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Wednesday, August 17,2011

The Screening Room

Clearing up fuzzy memories of ‘Conan the Barbarian’

by James Sanford

Hollywood apparently will not rest until it remakes every movie ever cranked out in the 1980s, as evidenced by the revamp of “Conan the Barbarian” that’s swaggering into theaters this weekend.


My memories of the 1982 “Conan” were fuzzy, so I took a look at it last weekend. When I say “fuzzy,” I mean literally fuzzy: The only times I had ever tried to watch the movie came when I was living with a roommate who was stealing HBO from our more affluent neighbors. At regular intervals, the image would shimmy, turn into black-and-white or be sliced up by those semi-hypnotic squiggly lines.


So while I could technically say I had watched “Conan the Barbarian,” I couldn’t honestly claim I had seen it. But that gaping hole in my otherwise encyclopedic knowledge of pop culture has now been filled (thank you, Amazon Video on Demand).


The success of “Conan” launched Arnold Schwarzenegger as an international star, and it’s easy to see why. It seems like he is shirtless for at least the first 90 minutes, and beefcake — like cheesecake — has the same appeal in any language. That’s a major plus, since Schwarzenegger’s grasp of English in the early 1980s was kind of ABBA-esque: The words sound reasonably accurate, although you wonder exactly how many of them were learned phonetically.


“Conan” was directed by the ultra-macho John Milius (who would go on to create the mad paranoia fantasy “Red Dawn” a couple of years later), and let’s just say it’s not one of those movies that spends an inordinate amount of time on character development. As a kid, Conan sees his parents slain by a well-dressed maniac who enslaves Conan and his fellow baby barbarians. If this was the 1970s, Helen Reddy would have turned his lousy life into a chart-topping tune, but alas, Conan’s song remains unsung.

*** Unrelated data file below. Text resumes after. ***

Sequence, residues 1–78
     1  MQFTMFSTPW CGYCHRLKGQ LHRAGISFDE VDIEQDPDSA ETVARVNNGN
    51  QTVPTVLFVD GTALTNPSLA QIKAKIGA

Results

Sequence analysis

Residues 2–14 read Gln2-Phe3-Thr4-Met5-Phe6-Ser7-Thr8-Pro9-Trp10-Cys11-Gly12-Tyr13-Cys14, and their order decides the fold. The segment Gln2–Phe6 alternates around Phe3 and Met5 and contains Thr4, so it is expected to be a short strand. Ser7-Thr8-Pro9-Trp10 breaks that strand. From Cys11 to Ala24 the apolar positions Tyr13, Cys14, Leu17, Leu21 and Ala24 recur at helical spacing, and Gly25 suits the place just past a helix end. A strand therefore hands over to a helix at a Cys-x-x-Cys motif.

Years of hard labor give Conan major muscles, which he puts to excellent use when he finally shakes off his shackles and starts looking for vengeance.


One of his first stops is to see a witch (Cassandra Gava) who trades him information in exchange for some really hot sex. Then, when the passion becomes too intense, Conan hurls her into a raging hearth and she turns into a frisky little fireball that flies off to Heathen Heaven. “He’s just not that into you” had dire consequences in Days of Olde.


Then Conan meets Valeria, played the statuesque Sandahl Bergman. She’s no novice at sword-swinging herself and quickly becomes Conan’s partner in brawls and in the bedroom. Although Valeria dreams of a sweeter life (“Let us take the world by the throat and make it give us what we desire!” she purrs), that will have to wait until after she and Conan rescue a princess who has fallen under the spell of one of those damned snake cults that all the kids seem to be into these days.


As fate would have it, the charismatic cult leader is Thulsa Doom (James Earl Jones, wearing extensions that Diana Ross would have killed for), the same guy who destroyed Conan’s happy home years ago. Remember, parents: If you name your son Thulsa Doom, it’s not a guarantee that he will one day lead a sect that worships giant serpents — but he probably won’t end up as a Rhodes Scholar or the city’s top real estate agent, either.


It doesn’t take much imagination to envision how this gory story ends, which is great, since Milius (who co-wrote the screenplay with Oliver Stone) doesn’t have much imagination to spare. “Conan” has four speeds: Bash, Slash, Cut and Gut, with an occasional pit stop for carnal pleasures.


By today’s action movie standards, “Conan” seems almost stately (an adjective that will probably not apply to the new version), as if Milius and company thought they were making the “Lawrence of Arabia” of giant snake cult films. In contrast to the jokey tone of many of Schwarzenegger’s later vehicles, “Conan” takes itself fairly seriously. “Let me breathe my last breath into your mouth,” a character groans shortly before expiring in Conan’s enormous arms; nobody writes dialogue quite like that anymore — and maybe that’s all for the best.

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